New Adaptation of Stephen King’s ‘Pet Sematary’ has High Expectations

Nancy Bilyeau
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Crédit photo : Kerry Hayes © 2018 Paramount Pictures.

After the 2017 adaptation of Stephen King’s novel It became one of the biggest hits of the year, earning $700 million, it became very clear indeed that any novel of King’s was box office gold. In April of this year, audiences will have another chance at a horror classic with a new adaptation of Pet Sematary, which King published in 1983.

In the film, a man named Louis Creed, his wife, Rachel, and their two children, Gage and Ellie, move from Boston to rural Maine, where they are enlightened about the eerie “Pet Sematary” located nearby. After the tragedy of their cat being killed by a truck, Louis resorts to burying it in the mysterious pet cemetery, which is definitely not as it seems.

Stephen King, the 2003 recipient of The National Book Foundation’s Medal for Distinguished Contribution to American Letters. Taken at the 2007 New York Comicon. Photo by “Pinguino” CC BY 2.0

The horror novel was made into a film in 1989, starring Dale Midkiff, Fred Gwynne, and Denise Crosby. Stephen King was present for much of the film shoot in Maine. King has said in interviews that of all his novels, this is the only one that really scares him.

Almost 30 years to the day, the new adaptation will be released, directed by Kevin Kolsch and Dennis Widmyer and starring Jason Clarke, John Lithgow, and Amy Seimetz.

Pet Sematary teaser poster

In the new film, the directors made a major change. In King’s novel, the Creed family “gets the shock of a lifetime when their dead three-year-old toddler Gage is resurrected and returns home,” according to Indie Wire. “The film, however, has made a strategic choice to kill the Creed’s young eight-year-old daughter Ellie, played by Jeté Laurence, instead.”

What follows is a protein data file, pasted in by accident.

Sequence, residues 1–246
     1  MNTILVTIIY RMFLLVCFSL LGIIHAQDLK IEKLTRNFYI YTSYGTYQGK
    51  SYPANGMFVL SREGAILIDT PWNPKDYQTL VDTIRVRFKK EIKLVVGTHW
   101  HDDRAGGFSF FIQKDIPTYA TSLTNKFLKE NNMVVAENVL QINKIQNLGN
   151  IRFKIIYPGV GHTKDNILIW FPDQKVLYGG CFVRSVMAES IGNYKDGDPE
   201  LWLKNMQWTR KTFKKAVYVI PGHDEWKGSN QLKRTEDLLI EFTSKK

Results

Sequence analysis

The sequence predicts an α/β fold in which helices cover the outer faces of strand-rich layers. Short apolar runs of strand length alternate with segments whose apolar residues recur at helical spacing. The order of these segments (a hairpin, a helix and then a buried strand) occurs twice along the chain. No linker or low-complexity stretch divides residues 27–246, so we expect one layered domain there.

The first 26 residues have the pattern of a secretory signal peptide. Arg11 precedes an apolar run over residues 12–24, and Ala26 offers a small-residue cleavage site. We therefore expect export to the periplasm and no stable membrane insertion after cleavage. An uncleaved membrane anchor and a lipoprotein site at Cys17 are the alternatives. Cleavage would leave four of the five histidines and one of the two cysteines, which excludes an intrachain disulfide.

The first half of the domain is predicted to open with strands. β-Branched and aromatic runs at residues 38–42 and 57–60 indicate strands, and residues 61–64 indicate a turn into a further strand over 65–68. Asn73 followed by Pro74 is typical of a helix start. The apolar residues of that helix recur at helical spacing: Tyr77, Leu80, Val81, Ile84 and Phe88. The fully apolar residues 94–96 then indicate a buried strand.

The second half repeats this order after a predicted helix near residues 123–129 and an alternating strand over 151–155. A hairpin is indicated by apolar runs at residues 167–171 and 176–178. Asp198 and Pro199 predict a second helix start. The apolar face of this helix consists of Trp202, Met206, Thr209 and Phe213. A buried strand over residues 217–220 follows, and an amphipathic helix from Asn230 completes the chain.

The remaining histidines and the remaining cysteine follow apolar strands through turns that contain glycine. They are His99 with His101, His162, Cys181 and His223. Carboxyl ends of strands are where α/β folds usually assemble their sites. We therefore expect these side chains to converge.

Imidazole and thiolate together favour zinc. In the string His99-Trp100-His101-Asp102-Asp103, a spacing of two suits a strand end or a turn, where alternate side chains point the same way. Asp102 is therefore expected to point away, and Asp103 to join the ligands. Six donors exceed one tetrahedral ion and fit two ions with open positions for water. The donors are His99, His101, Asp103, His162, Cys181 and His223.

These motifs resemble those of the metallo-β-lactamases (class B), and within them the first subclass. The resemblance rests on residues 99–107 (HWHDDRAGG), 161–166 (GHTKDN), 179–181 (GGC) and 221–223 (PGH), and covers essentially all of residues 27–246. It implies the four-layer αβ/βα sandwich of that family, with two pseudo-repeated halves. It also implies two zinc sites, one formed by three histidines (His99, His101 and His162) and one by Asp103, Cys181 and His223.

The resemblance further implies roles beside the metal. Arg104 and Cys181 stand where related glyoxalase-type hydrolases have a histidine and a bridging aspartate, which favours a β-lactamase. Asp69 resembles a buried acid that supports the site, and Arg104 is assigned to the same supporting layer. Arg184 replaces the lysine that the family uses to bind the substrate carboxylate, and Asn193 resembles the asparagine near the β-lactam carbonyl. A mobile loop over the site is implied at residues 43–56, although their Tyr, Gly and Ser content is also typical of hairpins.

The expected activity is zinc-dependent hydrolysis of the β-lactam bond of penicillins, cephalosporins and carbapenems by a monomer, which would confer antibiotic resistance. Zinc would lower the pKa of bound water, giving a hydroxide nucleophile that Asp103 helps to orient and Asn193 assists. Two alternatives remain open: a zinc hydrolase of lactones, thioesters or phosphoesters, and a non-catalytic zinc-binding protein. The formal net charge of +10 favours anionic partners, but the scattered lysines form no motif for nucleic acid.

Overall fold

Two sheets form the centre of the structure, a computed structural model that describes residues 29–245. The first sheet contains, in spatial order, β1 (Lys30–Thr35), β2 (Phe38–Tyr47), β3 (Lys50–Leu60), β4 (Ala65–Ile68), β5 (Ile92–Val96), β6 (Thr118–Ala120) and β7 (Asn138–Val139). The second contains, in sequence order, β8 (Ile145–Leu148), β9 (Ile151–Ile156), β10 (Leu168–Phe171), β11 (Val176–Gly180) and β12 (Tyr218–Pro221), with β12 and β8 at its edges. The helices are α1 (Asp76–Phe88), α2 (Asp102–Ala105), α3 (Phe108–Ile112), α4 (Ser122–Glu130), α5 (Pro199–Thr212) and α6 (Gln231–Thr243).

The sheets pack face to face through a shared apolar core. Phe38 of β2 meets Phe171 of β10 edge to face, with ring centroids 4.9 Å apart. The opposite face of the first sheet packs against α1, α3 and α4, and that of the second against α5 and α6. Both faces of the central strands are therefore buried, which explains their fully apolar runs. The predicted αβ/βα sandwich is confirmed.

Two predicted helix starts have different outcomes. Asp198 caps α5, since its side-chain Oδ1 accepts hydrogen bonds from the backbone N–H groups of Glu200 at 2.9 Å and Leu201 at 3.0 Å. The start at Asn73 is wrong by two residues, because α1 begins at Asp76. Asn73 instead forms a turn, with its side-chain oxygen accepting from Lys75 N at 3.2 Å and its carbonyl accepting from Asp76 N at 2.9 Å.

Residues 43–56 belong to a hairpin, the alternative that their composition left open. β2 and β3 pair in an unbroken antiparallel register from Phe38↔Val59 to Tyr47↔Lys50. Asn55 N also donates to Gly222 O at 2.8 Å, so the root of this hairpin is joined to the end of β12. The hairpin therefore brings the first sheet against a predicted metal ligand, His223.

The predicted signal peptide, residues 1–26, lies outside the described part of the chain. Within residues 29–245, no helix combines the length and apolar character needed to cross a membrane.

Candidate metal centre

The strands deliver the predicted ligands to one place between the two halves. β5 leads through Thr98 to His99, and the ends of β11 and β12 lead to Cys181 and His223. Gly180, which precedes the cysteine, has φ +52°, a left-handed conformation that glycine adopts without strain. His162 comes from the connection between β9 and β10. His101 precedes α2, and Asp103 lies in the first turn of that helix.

The filmmakers are aware that this could draw criticism.

Lorenzo di Bonaventura. Photo by Gage Skidmore CC BY-SA 3.0

“Trust me, we were nervous about it,” producer Lorenzo di Bonaventura told Entertainment Weekly. “I feel this way about anything that you remake or update. If we gave you what you had before, we didn’t do the subject matter much good. I’m very protective of movies too, but I want a new experience each time, and feel like filmmakers have really thought about the choice. We thought, ‘All right, let’s make this choice.’ ”

Pet Sematary is prominent on many lists of most anticipated films of the year. In the trailer, the family is shown moving into their house in the country, but John Lithgow appears to warn them, “These woods belong to something else.”

Pet Sematary teaser poster

“Sometimes dead is better” is the spoken theme of the film in the trailer, and prominent in other advertisements.

Jeff Buhler explained their intentions in an interview. “As much as all of us are huge fans of the original film, there are moments that are larger than life and feel borderline campy,” Buhler said. “Our desire was to tell a really grounded, character-driven, and psychologically horrific version of Pet Sematary, which, in my belief, is the scariest book that King ever wrote.”

The directors have emphasized they wanted to adapt King’s book as faithfully as possible.

The inspiration for the novel struck in early 1979 when King was serving as a writer-in-residence at the University of Maine at Orono and living in a rented house in nearby Orrington that bordered a major truck route that killed dogs and cats. In the woods behind his house, local children had created an informal pet cemetery.

One day, his daughter’s cat was killed by a passing truck and King was faced with burying the cat in the pet cemetery and then explaining to his daughter what had happened. Shortly after the burial, the idea for a novel came to him.

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“He wondered what would happen if a young family were to lose their daughter’s cat to a passing truck, and the father rather than tell his daughter were to bury the cat in a pet cemetery,” according to stephenking.com. “And what would happen if the cat were to return the next day, alive but fundamentally different.”


Nancy Bilyeau, a former staff editor at Entertainment Weekly, Rolling Stone, and InStyle, has written a bestselling novel about a spy in an 18th century porcelain factory. For more information, go to www.nancybilyeau.com.